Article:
4.  There are other powerful tools and techniques besides TRIZ.  The TRIZ toolbox is full of highly useful tools and techniques that have been applied to very difficult problems and design challenges.  These include the “ideal final result” concept; conflict resolution; S-Fields; the alternative design approach; algorithm for solving inventive-type problems; inventive operators; inventive principles; inventive effects; functional cost analysis; logical and causal flow diagrams; and a host of other techniques.  Besides the TRIZ tools, other tools have been developed by RLI.  These include HLT (Higher-Level Thinking) and Triads.  Technical professionals who are practiced in HLT can perform problem-solving at lightning speed, and can achieve high-level solutions.  Triads is a superior way of thinking and working with technical functions and technical functional statements (superior to S-Fields).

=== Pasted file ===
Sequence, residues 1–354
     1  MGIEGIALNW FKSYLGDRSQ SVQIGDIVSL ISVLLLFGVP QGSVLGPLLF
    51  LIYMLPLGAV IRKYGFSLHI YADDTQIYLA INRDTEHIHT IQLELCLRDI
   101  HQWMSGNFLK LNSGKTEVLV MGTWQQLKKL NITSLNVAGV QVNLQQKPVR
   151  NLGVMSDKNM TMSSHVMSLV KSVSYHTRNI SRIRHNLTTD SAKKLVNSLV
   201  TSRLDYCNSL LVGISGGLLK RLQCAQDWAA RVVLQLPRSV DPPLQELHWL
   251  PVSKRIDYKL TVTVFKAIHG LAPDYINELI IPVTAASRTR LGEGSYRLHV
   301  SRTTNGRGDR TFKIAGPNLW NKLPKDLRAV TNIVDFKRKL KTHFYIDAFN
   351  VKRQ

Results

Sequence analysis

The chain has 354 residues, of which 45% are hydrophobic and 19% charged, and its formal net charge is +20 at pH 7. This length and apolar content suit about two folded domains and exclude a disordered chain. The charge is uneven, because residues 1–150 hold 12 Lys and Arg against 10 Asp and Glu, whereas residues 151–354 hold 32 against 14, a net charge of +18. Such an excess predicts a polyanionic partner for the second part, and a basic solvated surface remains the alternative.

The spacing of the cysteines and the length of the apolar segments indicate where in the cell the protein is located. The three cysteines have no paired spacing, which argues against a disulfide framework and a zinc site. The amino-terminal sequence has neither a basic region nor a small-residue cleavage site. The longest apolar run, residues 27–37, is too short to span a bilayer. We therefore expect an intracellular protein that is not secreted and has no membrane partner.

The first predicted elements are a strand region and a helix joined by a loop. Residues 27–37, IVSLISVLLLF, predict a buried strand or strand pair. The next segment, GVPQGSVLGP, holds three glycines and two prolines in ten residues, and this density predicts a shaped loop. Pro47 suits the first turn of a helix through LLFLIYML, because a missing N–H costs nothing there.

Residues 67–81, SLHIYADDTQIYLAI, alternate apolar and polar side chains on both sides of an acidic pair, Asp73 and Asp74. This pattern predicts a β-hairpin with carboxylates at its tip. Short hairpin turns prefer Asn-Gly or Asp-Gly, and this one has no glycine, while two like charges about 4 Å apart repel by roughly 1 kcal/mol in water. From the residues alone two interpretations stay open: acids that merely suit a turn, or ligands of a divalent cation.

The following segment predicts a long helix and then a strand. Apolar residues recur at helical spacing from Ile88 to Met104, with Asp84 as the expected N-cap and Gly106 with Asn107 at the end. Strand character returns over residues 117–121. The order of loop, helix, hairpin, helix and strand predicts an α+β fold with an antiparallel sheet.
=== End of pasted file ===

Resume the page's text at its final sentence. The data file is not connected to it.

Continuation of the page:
Since 1992 Dr. James Kowalick has conducted TRIZ training, as well as training in other leading-edge tools, for over 100 corporate clients.  With a highly effective, experiential training approach, technical professionals learn the required skills in a three-day’s experiential training session - they learn by doing: applying TRIZ and other leading-edge creativity tools to their toughest technical problems and design challenges.  Besides this experiential approach for practitioners, Dr. Kowalick offers a two-day’s awareness session for technical executives - Creating Breakthrough Products - at Cal Tech’s Executive Training Center in Pasadena, California (the California Institute of Technology was recently recognized as “America’s best college” by U.S. News & World Report).